“Besides doing justice to the topic announced in the title, this book represents a novelty as far as the scope of its subject matter. For the first time, as far as I know, a scholar deals with Azorean literature, i.e., the literature written by Azorean writers who did not emigrate, and “Azorean” literature in the diaspora, i.e., written by Azoreans, or descendants of Azoreans, living in North America. Moreover, a number of authors and texts that might have been excluded due to their non-canonicity, are here included. These are only some of the reasons why I recommend this volume”.
Francisco Cota Fagundes
This book explores the theme of emigration within the different genres of Azorean literature. The central argument is that the authors examined portray a regional, cultural and literary uniqueness that is distinct from, but part of Portuguese literature. It is argued that this is a reflection of the historical and social phenomenon of emigration in this archipelago. There is careful exploration of the relationship between island writers and their emigrant counterparts, arguing that it illustrates the symbiosis between island writers and those of the diaspora, a dialogue that contributes to the evolution of the concept of “Azorean literature.”
The depiction and importance of island life and emigration are shown as underlying preoccupations in the works included examined, whether they are set within or outside the archipelago. This introduces the idea of many types of journey, the most important of which is the idea of a twofold journey where the characters travel mentally as well as physically. This positions the islander, whether s/he emigrates or remains in the island, as constantly seeking to reach an utopian end where myth confronts reality and is replaced by another construction of a myth. Part of this myth construction is the islander’s concept of himself and his position within the world, consciously negotiating between two cultures; Azorean and Portuguese, or Azorean and American. This negotiation between cultures is a way in which the writers create a metaphorical island that congregates myth and reality, past and present, whether the work is set in the islands or in the Azorean diaspora.
The book argues that this metaphorical “tenth island” is synonymous with the position of Azorean literature, as it negotiates a position between being part of a Portuguese literary tradition and American literature. Azorean literature, thus, becomes Bhabha’s third space, or Canclini’s space in-between, negotiating between belonging and identifying with differing interpretations and representations of identity, appropriating elements of history and literature to create a fluid self that is part of, but distinct from, either Portugal or America.
The theoretical framework of the book uses postcolonial theory as a tool. In particular, I am interested in the relationship of the emigrant with postcolonial theory, especially its examination of identity formation. I argue, however, that although the emigrant is in many ways similar to the postcolonial subject, by definition he or she is neither colonised not coloniser and, thus, a new of examining and defining him needs to be established.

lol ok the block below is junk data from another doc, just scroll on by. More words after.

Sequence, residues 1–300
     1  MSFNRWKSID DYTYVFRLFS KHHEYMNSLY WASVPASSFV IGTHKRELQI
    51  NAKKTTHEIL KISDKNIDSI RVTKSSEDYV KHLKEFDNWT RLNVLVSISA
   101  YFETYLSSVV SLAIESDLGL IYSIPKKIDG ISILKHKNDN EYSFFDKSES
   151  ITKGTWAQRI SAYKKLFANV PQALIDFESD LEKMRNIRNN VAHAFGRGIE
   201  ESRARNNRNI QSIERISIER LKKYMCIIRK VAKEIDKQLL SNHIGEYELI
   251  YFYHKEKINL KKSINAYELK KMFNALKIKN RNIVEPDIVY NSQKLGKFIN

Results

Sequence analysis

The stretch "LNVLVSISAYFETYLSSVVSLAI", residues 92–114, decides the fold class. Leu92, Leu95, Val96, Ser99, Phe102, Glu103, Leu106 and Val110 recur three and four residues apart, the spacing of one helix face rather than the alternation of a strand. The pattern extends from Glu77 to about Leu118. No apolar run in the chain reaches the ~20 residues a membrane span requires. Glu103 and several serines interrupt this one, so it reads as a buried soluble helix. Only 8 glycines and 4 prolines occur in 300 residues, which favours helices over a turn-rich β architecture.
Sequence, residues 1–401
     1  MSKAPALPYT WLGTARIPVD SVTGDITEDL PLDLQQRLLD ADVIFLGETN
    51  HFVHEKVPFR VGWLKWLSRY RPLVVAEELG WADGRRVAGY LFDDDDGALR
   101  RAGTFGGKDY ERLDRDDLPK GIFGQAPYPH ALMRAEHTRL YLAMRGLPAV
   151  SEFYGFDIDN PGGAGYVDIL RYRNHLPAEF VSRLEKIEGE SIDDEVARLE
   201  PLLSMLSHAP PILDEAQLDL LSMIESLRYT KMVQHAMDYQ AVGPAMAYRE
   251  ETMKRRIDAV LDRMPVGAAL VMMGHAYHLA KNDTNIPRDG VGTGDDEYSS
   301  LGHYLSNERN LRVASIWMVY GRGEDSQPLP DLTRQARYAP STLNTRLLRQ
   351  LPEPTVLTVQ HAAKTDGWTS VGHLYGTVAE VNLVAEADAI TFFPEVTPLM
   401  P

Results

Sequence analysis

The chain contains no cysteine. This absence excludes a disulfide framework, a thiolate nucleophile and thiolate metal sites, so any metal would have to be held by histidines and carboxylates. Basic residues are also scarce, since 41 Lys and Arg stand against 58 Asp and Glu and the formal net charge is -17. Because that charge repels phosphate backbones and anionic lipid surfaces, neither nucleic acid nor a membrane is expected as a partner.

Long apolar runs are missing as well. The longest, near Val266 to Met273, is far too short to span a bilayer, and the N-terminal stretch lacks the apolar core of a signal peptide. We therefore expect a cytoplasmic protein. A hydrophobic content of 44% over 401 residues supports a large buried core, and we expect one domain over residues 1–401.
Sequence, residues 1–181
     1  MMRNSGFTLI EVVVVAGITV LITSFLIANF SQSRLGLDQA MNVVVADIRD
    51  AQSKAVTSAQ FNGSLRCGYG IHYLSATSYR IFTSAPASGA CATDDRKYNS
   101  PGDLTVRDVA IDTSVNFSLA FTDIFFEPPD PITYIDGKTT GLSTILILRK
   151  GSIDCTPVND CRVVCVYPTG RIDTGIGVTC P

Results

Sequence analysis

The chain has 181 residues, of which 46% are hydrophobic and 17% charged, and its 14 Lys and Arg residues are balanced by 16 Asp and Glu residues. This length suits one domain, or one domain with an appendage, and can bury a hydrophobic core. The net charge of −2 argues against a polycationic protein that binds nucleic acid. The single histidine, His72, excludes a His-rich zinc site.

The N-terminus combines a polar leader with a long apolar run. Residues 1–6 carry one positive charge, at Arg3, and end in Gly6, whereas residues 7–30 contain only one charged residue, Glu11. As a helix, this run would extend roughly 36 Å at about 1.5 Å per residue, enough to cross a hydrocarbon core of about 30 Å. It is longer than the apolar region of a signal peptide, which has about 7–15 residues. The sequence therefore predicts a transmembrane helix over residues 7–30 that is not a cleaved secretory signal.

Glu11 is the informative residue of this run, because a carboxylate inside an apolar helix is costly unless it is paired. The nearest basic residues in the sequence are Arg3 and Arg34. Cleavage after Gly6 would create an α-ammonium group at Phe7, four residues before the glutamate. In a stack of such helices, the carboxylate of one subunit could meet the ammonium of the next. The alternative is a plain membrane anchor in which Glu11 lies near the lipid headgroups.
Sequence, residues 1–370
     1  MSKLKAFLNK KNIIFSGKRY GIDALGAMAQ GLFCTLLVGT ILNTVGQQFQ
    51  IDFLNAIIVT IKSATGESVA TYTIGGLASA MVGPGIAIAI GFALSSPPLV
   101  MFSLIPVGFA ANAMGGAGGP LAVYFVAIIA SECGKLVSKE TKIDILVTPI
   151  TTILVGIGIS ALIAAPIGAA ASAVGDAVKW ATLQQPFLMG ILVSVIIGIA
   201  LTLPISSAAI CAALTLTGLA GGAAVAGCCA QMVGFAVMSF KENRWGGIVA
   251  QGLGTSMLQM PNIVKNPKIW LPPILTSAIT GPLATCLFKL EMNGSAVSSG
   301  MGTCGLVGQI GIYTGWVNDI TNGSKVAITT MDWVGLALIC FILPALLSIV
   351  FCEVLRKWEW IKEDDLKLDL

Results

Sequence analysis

Table of Contents
Preface by Hilary Owen
1. Emigration as a Theme in Portuguese Literature: The Azores as a Case Study
2. Travelling, the Traveller and the Journey Theme in the Azorean Novel
3. Emigration, Religion and the Azorean Novel
4. Poetry Anthologies, Emigration, The Azores, Identity
5. Poetry as Emigration and Emigration as Poetry
6. Emigration and the Short Story
7. The Journey Within a Journey of Azorean Emigrant (Auto)biographies
“…By opening these literary inscriptions of migrant experience to psychological and linguistic readings, Dr. Ramos Villar also suggests some important directions that Azorean scholarship might take in the future, drawing on the insights of postcolonial theory and Portuguese histories of empire, decolonization and population displacement … [the author] has performed a valuable service not only for newcomers to the Azorean field, but also for experienced Azoreanist scholars, and researchers in the growing academic fields of migration and diaspora studies…”- Professor Hilary Owen, University of Manchester (from the Preface)
“… Dr. Ramos Villar provides the reader with a comprehensive evaluation of the historical roots of emigration and the manner in which this is explored within the Azorean imaginary … this is an excellent work that provides a comprehensive account of an increasingly important area of study and should be of interest to both scholars and more general readers …” – Professor John M. Kinsella, National University of Ireland
” … [the author] undertakes a sensitive, thoughtful analysis of Azorean novels which naturally group together because of their commonality of theme, arriving at a new understanding of the texts in the light of her extensive readings in the field of literary theory.” – Professor Patricia Anne Odber de Baubeta, University of Birmingham
Carmen Ramos Villar is a graduate of the University of Bristol, England where she completed her undergraduate degree in Hispanic Studies, and has an MA and PhD in Portuguese literature by the same university. She is a lecturer in Hispanic Studies at the University of Sheffield, England. Her research interests lie in literature, particularly that of the Azores, and migration in the Lusophone world. She is currently working on a project that examines autobiographies written by Portuguese emigrants in North America.